via How to Build VR on the Web Today.
To begin your development adventure into the Virtual Web, there are three potential ways to do this:
- CSS and WebVR (still very early days)
I’ll go over each one and show a short summary of how each works.
via Web APIs and the IoT in Unity.
For me, the Internet of Things is most exciting when you look at just how far reaching the capabilities are. There is so much technology out there, with new devices emerging all the time, that can benefit from connectivity to the web. Over the next few months at SitePoint, I’ll be looking at the various possibilities that the Internet of Things can bring, reviewing a different platform or device in each article. In the previous article, we looked at how to pull in data from the Jawbone Up.
This time around, we’ll be bringing IoT data into Unity, a widely used games engine that is used to build everything from iOS and Android games to console and Facebook games. It is also emerging as an engine that’ll be used on the Oculus Rift, Gear VR and more, so it’s a fun one to try pairing with the IoT. Imagine a game that adapts to real world conditions like weather and light, if it suddenly goes dark in your room, the game world suddenly goes dark too!
To start with, we’re going to connect up a Unity scene to a weather API, allowing us to use real-world weather data in our virtual world. Then we’ll connect up a Spark Core to use its light sensor data.
In this article, we’re assuming that you know all about setting up a scene in Unity, with a skybox, terrain and lighting. We’ll be building from a scene that has all of this ready and set up. My code samples will be in C# but it is possible to do the same sorts of things in UnityScript if you’d prefer.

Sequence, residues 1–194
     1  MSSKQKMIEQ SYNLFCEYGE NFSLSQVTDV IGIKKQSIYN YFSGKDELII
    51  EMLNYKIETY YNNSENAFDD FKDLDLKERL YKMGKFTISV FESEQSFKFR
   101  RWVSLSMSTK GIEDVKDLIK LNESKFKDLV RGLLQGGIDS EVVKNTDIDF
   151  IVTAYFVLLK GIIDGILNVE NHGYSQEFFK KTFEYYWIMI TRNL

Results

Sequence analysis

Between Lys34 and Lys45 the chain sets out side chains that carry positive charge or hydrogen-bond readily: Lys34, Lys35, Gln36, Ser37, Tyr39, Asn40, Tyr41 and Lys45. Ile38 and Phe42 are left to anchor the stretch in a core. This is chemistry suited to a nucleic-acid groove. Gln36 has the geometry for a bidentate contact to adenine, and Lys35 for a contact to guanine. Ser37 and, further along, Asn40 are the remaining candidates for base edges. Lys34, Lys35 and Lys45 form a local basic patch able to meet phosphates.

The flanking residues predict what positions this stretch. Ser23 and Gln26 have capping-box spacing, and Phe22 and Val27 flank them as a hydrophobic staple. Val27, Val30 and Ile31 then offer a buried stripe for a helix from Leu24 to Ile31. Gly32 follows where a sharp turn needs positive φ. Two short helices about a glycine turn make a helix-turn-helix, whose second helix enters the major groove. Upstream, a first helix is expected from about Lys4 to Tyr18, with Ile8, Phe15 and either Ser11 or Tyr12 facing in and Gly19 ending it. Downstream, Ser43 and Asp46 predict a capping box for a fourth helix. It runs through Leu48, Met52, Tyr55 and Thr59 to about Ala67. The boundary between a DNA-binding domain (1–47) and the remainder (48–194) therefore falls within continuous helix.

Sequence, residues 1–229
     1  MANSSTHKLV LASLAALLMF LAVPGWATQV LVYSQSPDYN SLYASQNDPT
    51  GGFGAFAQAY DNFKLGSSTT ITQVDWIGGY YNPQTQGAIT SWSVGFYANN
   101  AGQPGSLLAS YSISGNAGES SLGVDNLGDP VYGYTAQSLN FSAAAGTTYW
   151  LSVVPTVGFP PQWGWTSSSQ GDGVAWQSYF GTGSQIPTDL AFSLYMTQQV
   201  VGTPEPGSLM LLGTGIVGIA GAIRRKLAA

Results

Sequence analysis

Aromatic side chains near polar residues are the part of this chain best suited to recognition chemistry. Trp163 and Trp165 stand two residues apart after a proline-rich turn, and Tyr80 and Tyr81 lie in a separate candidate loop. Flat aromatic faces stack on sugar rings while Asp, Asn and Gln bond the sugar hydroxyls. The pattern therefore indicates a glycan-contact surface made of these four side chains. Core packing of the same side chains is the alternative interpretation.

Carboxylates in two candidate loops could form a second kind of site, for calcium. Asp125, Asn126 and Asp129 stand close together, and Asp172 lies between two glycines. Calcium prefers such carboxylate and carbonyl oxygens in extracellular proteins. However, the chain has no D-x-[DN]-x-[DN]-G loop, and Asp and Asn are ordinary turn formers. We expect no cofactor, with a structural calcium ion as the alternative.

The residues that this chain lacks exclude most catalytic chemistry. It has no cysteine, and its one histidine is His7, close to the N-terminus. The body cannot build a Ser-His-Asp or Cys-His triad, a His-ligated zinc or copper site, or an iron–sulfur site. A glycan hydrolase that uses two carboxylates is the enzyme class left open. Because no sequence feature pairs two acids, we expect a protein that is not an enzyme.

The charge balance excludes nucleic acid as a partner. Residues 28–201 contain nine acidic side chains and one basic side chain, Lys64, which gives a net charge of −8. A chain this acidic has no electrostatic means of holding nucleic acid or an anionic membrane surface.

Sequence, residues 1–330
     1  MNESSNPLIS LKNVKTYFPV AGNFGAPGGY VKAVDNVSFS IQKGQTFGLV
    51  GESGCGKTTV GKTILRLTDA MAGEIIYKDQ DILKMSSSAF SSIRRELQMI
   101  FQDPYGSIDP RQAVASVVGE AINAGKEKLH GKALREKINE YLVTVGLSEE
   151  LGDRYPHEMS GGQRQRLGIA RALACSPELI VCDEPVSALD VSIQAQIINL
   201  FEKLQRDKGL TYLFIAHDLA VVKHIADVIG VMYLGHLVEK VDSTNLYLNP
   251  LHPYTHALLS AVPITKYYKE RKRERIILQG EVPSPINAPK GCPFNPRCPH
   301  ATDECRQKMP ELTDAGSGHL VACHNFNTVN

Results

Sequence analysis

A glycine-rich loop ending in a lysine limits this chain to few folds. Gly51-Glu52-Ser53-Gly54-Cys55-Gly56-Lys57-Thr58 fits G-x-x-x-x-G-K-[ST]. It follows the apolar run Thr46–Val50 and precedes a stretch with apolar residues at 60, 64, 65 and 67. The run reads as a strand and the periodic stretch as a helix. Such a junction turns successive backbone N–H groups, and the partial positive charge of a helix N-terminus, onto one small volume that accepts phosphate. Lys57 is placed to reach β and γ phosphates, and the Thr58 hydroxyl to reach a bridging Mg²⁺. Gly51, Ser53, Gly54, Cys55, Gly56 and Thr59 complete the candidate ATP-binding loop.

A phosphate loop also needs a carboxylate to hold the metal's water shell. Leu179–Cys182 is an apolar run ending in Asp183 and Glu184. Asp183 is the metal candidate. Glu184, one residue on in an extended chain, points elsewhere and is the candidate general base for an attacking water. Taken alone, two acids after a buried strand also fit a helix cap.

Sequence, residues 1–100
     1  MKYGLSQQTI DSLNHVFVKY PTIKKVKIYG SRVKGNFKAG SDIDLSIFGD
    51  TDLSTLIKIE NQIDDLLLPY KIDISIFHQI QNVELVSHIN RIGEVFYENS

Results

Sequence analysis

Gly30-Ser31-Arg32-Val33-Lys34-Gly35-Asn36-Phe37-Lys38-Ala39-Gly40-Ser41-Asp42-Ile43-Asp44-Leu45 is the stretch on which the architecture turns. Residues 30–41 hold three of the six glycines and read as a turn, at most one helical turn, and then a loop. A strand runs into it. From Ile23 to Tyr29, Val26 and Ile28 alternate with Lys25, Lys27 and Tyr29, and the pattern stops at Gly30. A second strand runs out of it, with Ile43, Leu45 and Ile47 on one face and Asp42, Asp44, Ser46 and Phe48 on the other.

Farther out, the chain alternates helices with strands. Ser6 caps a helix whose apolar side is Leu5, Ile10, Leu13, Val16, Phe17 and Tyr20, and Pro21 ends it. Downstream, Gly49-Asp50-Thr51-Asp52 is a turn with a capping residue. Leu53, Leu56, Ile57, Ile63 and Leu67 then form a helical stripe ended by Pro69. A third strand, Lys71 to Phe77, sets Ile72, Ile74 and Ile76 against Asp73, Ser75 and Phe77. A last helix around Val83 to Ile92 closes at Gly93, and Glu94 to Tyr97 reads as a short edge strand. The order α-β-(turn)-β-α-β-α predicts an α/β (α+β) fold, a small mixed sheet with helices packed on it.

via Bringing VR to the Web with Google Cardboard and Three.js.
Virtual reality is coming. You know that as a developer – you want in. The Oculus Rift, Gear VR, HTC Vive and more are making waves, yet many developers don’t realise just how much potential there is in the simplest of them all – Google Cardboard.
via Visualizing a Twitter Stream in VR with Three.js and Node.
Twitter is a wonderful and information rich beast. I wanted to combine some of the powers of visualization, Three.js and its VR capabilities with Socket.IO and Node to create a pretty world of particles generated via a Twitter stream.
I’ve previously discussed all the basics of developing virtual reality web experiences in the SitePoint article Bringing VR to the Web with Google Cardboard and Three.js, so if you are new to this whole idea – read that one first and come back. This demo uses the same foundations.
The demo we will be building will watch a live Twitter stream for a keyword. When one is tweeted out whilst it is watching the stream, it will bring up a “tower” of shining particles that represent how long the tweet was. This demo in particular will look for mentions of the word “pizza”. Why pizza you ask? I was looking for a term which was not mentioned as frequently as “bieber” but more frequently than “boxcar racing hyenas”. In short, the best terms are ones which are relatively frequent enough that they’ll appear whilst you are watching, but not so frequent that they come through at many hundreds a second. Pizza is one of them.
via Augmented Reality in the Browser with Awe.js.
Augmented reality is a neat concept. We take a view of the world around us and supplement it with images, text, sound and video. Tech companies are starting to explore the possibilities of AR with devices such as the Meta Glasses, Microsoft HoloLens and Magic Leap. These very exciting AR headsets are not quite ready for consumer release yet, so it may be a little while before every household has a pair. However, there is another way of introducing the world to augmented reality using something they may have easier access to – the mobile browser.
via 3D Map Library Roundup.
This is a quick roundup about WebGL map libraries. Since IOS is supporting WebGL and the browser support is getting better in general, it becomes a relevant technology for map applications too. Stepless zooming, tilting or rotating are features that almost all of the libraries can do. If the map is rendered on the fly and doesn’t rely on images, you can also change its styles and show and hide certain features on demand.
If you are missing a certain library just leave a comment or contact me via twitter.